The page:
4. Come on Bram. You expect Rich to detail every election that the Network tried to influence? Not enough newsprint for that in the whole town, even if you include the Tribune-Review Pennysaver.

    Anyway, even if this were the only case of the Network's efforts to sway elections, it makes sense that they'd be interested in this one, since city council is part of the decision-making process for approving city contracts. Also in light of the close split on council at the time, where one vote could make all the difference.

    Make some phone calls, write some checks, break for lunch ... all in a day's work for the Network, it would appear.

  5. Yeah, but here's what I don't get: that seat on council was 1 of 9, and it was an open seat with no familiar incumbent to defend. You'd think a network could just get in well enough with whoever earned that office.

    But instead it a) exerted itself, possibly spreading itself too thin across the play field and b) risked making and ultimately made new enemies. You'd think networks of amiable business-gentlemen would want to avoid unnecessary enemy-generating at ALL costs.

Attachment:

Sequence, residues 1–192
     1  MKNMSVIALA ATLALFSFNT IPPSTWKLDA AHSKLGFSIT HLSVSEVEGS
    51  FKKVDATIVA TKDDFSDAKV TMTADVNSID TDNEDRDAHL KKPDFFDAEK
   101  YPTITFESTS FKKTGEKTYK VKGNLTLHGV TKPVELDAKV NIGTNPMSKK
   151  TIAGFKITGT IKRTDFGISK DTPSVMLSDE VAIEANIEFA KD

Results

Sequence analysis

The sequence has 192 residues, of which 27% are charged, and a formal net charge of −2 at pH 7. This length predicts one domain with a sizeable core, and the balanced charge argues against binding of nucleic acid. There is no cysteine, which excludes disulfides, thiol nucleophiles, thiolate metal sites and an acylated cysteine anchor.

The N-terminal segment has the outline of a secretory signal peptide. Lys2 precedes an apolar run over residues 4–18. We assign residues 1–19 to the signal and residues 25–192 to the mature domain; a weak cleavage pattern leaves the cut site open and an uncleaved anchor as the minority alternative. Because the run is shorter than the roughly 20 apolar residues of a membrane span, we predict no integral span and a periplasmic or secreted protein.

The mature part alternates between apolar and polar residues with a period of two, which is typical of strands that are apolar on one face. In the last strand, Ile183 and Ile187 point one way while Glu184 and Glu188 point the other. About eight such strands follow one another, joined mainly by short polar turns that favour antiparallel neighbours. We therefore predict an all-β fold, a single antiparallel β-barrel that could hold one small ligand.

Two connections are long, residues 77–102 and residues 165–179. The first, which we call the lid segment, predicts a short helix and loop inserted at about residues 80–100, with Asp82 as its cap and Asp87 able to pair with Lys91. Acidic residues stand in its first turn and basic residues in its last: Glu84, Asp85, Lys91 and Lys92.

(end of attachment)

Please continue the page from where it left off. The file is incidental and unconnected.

I guess it makes sense if you interpret it as a favor the network did for Ravenstahl, since Coghill reportedly was the mayor's preferred candidate. Still, it seems like a long way to drive for a fershluggenah council seat. Don't they know the more they tighten their grip, the more star systems slip through their fingers?

    Eh. Monday morning quarterbacking for real.

  6. What ever happened to Matt Hogue? We got to watch him grow-up on a blog and then he was gone.

  7. The Coghill race was important then because they believed him to be the 5th vote for Burgess. Also, Yarone was gigged up to stick one to the Wagners.

  8. and then this: http://www.post-gazette.com/pg/10258/1087565-53.stm